With everything life throws us, staying physically active as we age seems to get increasingly difficult to work into our schedule. After all, following a hard week’s work, the couch and a cool refreshment sound more appealing than hitting the treadmill.
A sedentary lifestyle not only affects the heart and lungs but can also lead to joint stiffness and reduced flexibility, and, unfortunately, this also tends to get worse as you age.
Maintaining flexibility can help prevent everyday injuries such as muscle and disk strains when getting out of bed, shoulder strains when lifting, backaches when transitioning from sitting to standing, and difficulty in picking up objects or climbing stairs. Flexibility can also improve circulation and posture.
Declining strength is another, oftentimes, frustrating part of getting older. Research has found that muscle mass decreases by 1% per year after age 50. While this may not sound like much, over a lifetime, it can have a big impact.
So, how do you combat this? Start focusing on ways you can improve your strength and flexibility now to help with mobility later, says Joel Lamica, a certified personal trainer at Texas Health Fitness Center Willowpark.
The Benefits of Strength Training as You Get Older
Increasing strength through training is essential for improving overall function. Focusing on building strong muscles and bones can help you gain more mobility, walk farther, and even prevent osteoporosis, the leading cause of fractures in older adults.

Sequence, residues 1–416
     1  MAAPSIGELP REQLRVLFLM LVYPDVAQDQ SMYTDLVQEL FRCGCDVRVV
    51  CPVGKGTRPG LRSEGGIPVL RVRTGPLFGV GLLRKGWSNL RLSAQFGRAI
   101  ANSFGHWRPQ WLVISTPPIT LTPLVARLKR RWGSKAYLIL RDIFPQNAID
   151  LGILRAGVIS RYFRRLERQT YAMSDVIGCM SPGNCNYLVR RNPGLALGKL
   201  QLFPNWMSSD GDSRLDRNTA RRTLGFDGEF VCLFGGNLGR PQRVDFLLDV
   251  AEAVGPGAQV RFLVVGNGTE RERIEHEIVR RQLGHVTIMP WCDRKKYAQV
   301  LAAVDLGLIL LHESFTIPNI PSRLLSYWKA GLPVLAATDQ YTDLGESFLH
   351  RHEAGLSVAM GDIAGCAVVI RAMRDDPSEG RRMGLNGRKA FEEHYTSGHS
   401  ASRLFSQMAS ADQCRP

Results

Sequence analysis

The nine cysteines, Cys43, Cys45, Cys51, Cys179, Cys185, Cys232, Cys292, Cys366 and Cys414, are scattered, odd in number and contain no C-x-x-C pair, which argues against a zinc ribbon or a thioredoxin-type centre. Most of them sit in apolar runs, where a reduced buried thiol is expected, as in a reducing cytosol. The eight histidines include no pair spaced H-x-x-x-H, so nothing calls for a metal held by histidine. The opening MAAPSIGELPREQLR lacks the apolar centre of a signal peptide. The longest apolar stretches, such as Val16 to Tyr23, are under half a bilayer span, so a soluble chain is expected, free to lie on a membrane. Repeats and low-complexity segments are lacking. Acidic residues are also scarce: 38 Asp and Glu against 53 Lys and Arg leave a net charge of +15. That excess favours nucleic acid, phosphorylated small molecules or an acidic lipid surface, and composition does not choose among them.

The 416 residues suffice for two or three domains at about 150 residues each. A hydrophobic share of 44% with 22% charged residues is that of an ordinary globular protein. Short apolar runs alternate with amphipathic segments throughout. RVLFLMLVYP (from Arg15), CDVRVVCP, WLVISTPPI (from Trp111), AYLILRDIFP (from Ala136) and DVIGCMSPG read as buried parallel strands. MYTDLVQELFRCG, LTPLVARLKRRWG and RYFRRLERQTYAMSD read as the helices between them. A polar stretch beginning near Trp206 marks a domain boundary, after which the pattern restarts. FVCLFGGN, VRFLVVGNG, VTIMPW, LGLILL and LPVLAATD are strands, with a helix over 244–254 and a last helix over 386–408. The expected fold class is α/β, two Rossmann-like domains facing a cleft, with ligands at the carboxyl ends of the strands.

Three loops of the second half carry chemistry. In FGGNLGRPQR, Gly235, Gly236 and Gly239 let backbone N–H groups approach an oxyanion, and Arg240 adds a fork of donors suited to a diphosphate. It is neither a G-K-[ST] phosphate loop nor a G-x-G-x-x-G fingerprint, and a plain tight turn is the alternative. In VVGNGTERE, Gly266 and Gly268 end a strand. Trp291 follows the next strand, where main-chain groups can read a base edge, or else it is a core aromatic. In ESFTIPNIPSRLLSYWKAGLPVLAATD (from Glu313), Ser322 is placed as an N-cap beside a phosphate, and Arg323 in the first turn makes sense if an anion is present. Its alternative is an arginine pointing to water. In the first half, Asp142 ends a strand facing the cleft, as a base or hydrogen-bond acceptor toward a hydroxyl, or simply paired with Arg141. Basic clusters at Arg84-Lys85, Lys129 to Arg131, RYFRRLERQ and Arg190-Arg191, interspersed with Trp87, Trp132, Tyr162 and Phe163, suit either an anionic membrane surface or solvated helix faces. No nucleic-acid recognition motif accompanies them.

Additionally, older adults who participate in a regular resistance training routine often see improvements in their mental well-being.
While you may not initially think of lifting weights and flexibility as directly related, Lamica says they both stand to benefit from one another.
“There are some ways in which lifting weights can indirectly affect flexibility and vice versa,” he explains. “One of the main ways that lifting weights can improve flexibility is by increasing the range of motion around the joints. Resistance training exercises, such as squats and deadlifts, can help improve joint mobility by strengthening the muscles and tendons around the joint. This increased joint mobility can translate to improved flexibility in everyday movements and activities.”
Additionally, he adds that lifting weights can also help to prevent muscle imbalances that can lead to stiffness and decreased flexibility.
“When certain muscles become overdeveloped or stronger than others, it can cause imbalances that restrict joint movement,” he says. “By engaging in a well-rounded strength training program, you can help prevent these imbalances and maintain a good balance of strength and flexibility.”
Decreased Range of Motion
As you get older, your shoulders, hips and knees are usually the first areas you notice don’t move as well as they used to. That’s because your range of motion decreases due to changes in connective tissue, arthritis, loss of muscle mass and more.
In a study published in the Journal of Aging Research, researchers found a decrease in flexibility of the shoulder and hip joints by approximately 6 degrees per decade after the age of 55. However, they noted that age-related loss of flexibility does not significantly impact generally healthy older adults.
One of the best ways to combat these age-related physical concerns is to incorporate strength training and stretching into your routine at least three times a week. But if it’s been a while since you’ve worked out, or you’re concerned about where to start and what to use, that can seem a bit daunting.